The Facility has a structure for working with multilateral development partners. This will ensure rapid alignment and implementation, enhanced reach, and effective impact. It will increase technical preparedness and responsiveness. In addition, it includes short, medium, and long-term measures to address both the urgent food crisis and the long-term sustainability and resilience of Africa’s food systems.
Over the past three years, the Bank’s Technologies for African Agricultural Transformation initiative has delivered heat-tolerant wheat varieties to 1.8 million farmers in seven countries, increasing wheat production by 2.7 million metric tons. Picture: TAAT project in Ethiopia.
Dr. Beth Dunford, the African Development Bank’s Vice President for Agriculture, Human and Social Development, said: “The Africa Emergency Food Production Facility builds on lessons learned from the African Development Bank’s Feed Africa Response to Covid-19 program. That program has provided a strategic roadmap to support Africa’s agriculture sector and safeguard food security against the pandemic’s impact.”
Over the past three years, the Bank’s Technologies for African Agricultural Transformation initiative has delivered heat-tolerant wheat varieties to 1.8 million farmers in seven countries, increasing wheat production by 2.7 million metric tons, worth $840 million.
Long-term sustainability to wean Africa off wheat and other food imports
A five-year ramp-up phase will follow the two-year African Emergency Food Production Facility. This will build on previous gains and strengthen self-sufficiency in wheat, maize, and other staple crops, as well as expand access to agricultural fertilizers.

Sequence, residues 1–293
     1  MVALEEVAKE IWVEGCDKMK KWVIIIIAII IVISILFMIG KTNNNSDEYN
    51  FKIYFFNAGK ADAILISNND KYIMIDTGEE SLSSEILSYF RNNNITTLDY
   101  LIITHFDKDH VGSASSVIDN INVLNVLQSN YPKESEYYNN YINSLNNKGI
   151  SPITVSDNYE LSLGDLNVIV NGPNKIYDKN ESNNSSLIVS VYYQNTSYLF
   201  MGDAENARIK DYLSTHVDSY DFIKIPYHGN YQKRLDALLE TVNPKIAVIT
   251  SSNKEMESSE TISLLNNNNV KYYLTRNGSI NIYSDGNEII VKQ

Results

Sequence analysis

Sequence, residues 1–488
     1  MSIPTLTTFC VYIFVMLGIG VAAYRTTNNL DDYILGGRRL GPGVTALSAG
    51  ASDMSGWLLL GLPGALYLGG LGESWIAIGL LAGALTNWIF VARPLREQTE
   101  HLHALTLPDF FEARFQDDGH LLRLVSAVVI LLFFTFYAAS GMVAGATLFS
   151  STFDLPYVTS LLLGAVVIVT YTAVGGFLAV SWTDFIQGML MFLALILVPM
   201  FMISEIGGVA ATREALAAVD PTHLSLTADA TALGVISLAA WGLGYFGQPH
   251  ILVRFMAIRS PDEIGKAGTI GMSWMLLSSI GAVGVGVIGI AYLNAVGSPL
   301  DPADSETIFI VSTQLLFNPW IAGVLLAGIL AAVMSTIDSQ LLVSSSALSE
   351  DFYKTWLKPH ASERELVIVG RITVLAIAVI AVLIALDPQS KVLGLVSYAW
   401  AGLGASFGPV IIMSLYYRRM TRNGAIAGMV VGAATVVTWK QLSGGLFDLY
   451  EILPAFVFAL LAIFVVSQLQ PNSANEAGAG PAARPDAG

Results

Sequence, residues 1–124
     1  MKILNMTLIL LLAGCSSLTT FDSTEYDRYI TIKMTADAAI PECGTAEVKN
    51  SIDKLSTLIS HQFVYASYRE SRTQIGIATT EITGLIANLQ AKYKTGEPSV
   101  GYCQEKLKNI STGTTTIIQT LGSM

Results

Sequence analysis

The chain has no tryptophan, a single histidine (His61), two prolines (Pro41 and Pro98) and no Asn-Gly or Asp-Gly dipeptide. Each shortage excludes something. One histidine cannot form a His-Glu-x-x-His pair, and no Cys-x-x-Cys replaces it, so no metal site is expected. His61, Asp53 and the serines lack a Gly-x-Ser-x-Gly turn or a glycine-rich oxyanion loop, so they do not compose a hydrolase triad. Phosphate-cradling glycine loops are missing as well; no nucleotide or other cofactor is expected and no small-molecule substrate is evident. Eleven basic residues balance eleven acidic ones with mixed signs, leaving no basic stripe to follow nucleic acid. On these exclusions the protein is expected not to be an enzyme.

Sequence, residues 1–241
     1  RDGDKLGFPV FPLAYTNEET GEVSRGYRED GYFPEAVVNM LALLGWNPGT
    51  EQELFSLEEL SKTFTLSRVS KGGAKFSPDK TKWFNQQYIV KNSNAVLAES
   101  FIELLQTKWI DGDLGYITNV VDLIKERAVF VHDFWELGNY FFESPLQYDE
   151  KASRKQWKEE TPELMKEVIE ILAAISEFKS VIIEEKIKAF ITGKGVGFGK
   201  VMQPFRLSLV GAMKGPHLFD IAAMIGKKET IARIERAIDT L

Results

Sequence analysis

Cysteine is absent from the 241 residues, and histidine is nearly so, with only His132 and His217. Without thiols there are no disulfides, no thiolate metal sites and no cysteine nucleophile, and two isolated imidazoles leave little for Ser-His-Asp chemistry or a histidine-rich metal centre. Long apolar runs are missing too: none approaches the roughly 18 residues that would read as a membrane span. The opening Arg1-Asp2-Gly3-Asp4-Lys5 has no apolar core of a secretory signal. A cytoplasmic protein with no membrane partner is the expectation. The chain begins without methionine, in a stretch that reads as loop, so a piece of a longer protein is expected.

The five-year phase will deliver seeds and inputs to 40 million farmers under the Technologies for African Agricultural Transformation program.
In April, UN Secretary-General António Guterres appointed Adesina to a select Steering Committee of the Global Crisis Response Group.
The U.S. Senate Appropriations Subcommittee on State and Foreign Operations recently invited Adesina to make a presentation about the African Emergency Food Production Facility.
The Global Alliance for Food Security spearheaded by the Government of Germany provides an excellent forum for the African Emergency Food Program Facility, which is part of a coordinated and collective effort by development partners and countries to accelerate food production in the short term while remaining focused on medium- and longer-term actions to build resilience.
For the Food and Agriculture Resilience Mission (FARM) supported by the Government of France, the African Development Bank (AfDB) is partnering with IFAD and has agreed to be part of the coordination team and steering committee of FARM. The African Emergency Food Program Facility lays out the foundation and complements FARM activities which aims to strengthen local production systems in Africa and reduce food loss to support development of sustainable and resilient food systems.